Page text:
Early Modern English and
Modern English. Dialects of a language can also die, contributing to the overall language death. For example, the
Ainu language is slowly dying: "The UNESCO Atlas of the World's Languages in Danger lists Hokkaido Ainu as critically endangered with 15 speakers ... and both
Kuril Ainu as extinct." The language vitality for Ainu has weakened because of Japanese becoming the favoured language for education since the end of the nineteenth century. Education in Japanese heavily impacted the decline in use of the Ainu language because of forced linguistic assimilation.
The process of language change may also involve the splitting up of a language into a family of several
daughter languages, leaving the common parent language "dead". This has happened to
Latin, which (through
Vulgar Latin) eventually developed into the
Romance languages, and to
Sanskrit, which (through
Prakrit) developed into the
New Indo-Aryan languages. Such a process is normally not described as "language death", because it involves an unbroken chain of normal transmission of the language from one generation to the next, with only minute changes at every single point in the chain. Thus with regard to Latin, for example, there is no point at which Latin "died"; it evolved in different ways in different geographic areas, and its modern forms are now identified by a plethora of different names such as French, Portuguese, Spanish, Italian, etc. Language shift can be used to understand the evolution of Latin into the various modern forms. Language shift, which could lead to language death, occurs because of a shift in language behaviour from a speech community. Contact with other languages and cultures causes change in behaviour to the original language which creates language shift.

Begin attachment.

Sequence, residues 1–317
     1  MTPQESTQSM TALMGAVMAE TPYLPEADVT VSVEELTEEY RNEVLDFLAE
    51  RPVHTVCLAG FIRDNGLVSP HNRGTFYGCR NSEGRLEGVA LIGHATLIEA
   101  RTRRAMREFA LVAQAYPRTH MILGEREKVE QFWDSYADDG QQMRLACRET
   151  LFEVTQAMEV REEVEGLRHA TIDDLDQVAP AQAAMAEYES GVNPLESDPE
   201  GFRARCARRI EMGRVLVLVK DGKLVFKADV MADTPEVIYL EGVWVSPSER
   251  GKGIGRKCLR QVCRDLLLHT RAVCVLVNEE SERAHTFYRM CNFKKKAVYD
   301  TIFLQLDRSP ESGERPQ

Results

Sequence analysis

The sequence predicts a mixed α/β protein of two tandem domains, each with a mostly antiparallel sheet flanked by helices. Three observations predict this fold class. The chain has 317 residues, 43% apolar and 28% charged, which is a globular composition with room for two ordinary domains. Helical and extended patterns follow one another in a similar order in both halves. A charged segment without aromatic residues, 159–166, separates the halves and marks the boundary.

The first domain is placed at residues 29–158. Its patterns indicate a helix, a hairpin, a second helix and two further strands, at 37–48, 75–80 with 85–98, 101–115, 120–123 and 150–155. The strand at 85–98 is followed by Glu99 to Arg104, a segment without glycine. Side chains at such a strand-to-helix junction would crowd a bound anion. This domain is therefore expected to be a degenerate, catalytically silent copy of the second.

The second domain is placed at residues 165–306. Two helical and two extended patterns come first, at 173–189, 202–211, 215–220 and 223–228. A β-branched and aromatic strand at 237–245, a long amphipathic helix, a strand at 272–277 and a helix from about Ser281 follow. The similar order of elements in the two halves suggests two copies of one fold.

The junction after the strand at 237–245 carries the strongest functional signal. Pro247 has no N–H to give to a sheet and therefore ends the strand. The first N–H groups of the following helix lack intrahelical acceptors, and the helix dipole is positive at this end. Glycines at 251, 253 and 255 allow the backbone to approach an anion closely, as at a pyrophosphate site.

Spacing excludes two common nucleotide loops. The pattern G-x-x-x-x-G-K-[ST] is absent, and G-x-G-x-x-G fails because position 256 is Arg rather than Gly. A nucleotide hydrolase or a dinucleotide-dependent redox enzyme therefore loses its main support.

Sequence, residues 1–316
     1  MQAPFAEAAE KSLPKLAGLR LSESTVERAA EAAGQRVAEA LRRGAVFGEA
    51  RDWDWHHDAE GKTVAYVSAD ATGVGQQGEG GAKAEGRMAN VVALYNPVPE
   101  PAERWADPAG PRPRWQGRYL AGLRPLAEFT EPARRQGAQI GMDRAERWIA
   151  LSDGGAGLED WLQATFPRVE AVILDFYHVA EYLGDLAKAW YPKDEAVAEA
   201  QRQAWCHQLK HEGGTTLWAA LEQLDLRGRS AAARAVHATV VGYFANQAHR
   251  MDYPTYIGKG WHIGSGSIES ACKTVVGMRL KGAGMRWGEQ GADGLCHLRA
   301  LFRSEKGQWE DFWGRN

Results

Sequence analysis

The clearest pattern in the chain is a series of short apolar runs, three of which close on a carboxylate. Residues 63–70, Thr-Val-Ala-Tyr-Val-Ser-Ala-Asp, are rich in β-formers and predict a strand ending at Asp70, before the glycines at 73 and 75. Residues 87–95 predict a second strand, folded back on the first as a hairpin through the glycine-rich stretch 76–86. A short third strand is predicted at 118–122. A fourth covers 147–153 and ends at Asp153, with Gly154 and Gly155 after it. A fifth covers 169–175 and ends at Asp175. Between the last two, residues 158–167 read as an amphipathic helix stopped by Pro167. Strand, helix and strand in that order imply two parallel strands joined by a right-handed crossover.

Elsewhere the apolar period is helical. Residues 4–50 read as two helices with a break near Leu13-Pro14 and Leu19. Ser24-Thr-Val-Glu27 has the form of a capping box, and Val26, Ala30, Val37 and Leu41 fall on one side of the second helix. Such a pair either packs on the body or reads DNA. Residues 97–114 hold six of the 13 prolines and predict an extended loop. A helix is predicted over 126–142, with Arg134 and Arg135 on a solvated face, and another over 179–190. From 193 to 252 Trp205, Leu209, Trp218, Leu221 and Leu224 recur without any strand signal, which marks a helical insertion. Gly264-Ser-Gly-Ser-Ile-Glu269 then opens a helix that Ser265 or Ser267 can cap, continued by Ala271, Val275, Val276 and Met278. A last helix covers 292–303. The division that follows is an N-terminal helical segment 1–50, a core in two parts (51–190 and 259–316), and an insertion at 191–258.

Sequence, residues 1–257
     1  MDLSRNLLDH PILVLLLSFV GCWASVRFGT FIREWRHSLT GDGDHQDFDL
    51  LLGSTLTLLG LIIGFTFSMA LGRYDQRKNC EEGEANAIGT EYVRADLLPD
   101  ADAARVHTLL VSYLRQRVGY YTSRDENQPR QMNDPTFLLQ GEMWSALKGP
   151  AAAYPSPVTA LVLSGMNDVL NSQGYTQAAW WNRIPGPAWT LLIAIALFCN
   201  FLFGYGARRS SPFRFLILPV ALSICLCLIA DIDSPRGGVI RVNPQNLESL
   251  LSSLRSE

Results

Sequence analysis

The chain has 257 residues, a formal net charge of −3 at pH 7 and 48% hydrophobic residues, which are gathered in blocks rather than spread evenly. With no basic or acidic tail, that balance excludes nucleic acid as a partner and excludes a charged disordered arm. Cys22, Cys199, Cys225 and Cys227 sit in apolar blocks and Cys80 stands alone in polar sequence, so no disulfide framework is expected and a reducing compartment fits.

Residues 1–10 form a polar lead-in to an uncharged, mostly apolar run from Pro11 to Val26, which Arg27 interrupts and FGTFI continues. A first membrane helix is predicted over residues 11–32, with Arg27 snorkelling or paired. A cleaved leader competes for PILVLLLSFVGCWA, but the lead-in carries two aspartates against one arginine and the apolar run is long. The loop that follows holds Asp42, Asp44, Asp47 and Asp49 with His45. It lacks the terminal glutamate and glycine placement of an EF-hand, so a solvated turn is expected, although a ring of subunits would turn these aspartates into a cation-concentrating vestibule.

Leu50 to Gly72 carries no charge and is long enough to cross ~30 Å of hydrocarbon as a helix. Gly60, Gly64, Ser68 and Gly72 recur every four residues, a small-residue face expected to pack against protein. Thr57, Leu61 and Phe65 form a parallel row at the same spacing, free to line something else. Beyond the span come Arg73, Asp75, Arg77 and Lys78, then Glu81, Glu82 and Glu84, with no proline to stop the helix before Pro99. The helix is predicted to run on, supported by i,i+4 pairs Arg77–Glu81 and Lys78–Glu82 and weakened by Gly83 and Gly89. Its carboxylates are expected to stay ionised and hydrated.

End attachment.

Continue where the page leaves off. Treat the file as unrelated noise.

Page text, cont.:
Measuring language vitality
Except in case of linguicide, languages do not suddenly become extinct; they become moribund as the community of speakers gradually
shifts to using other languages. As speakers shift, there are discernible, if subtle, changes in language behavior. These changes in behavior lead to a change of linguistic vitality in the community. There are a variety of systems that have been proposed for measuring the vitality of a language in a community. One of the earliest is the GIDS (Graded Intergenerational Disruption Scale) proposed by
Joshua Fishman in 1991. A noteworthy publishing milestone in measuring language vitality is an entire issue of Journal of Multilingual and Multicultural Development devoted to the study of ethnolinguistic vitality, Vol. 32.2, 2011, with several authors presenting their own tools for measuring language vitality. A number of other published works on measuring language vitality have been published, prepared by authors with varying situations and applications in mind. These include works by
Arienne Dwyer, Martin Ehala, M. Lynne Landwehr, Mark Karan,András Kornai, and Paul Lewis and Gary Simons.
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^Oster, R.T., Grier, A., Lightning, R., Mayan, M.J., & Toth, E.L. (2014). Cultural continuity, traditional Indigenous language, and diabetes in Alberta First Nations: a mixed methods study. International Journal for Equity in Health, 13(92).
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^M. Lynne Landwehr. 2011. Methods of language endangerment research: a perspective from Melanesia. International Journal of the Sociology of Language 212: 153-178.
^Mark E. Karan (2011): Understanding and forecasting Ethnolinguistic Vitality. Journal of Multilingual and Multicultural Development 32(2) 137-149.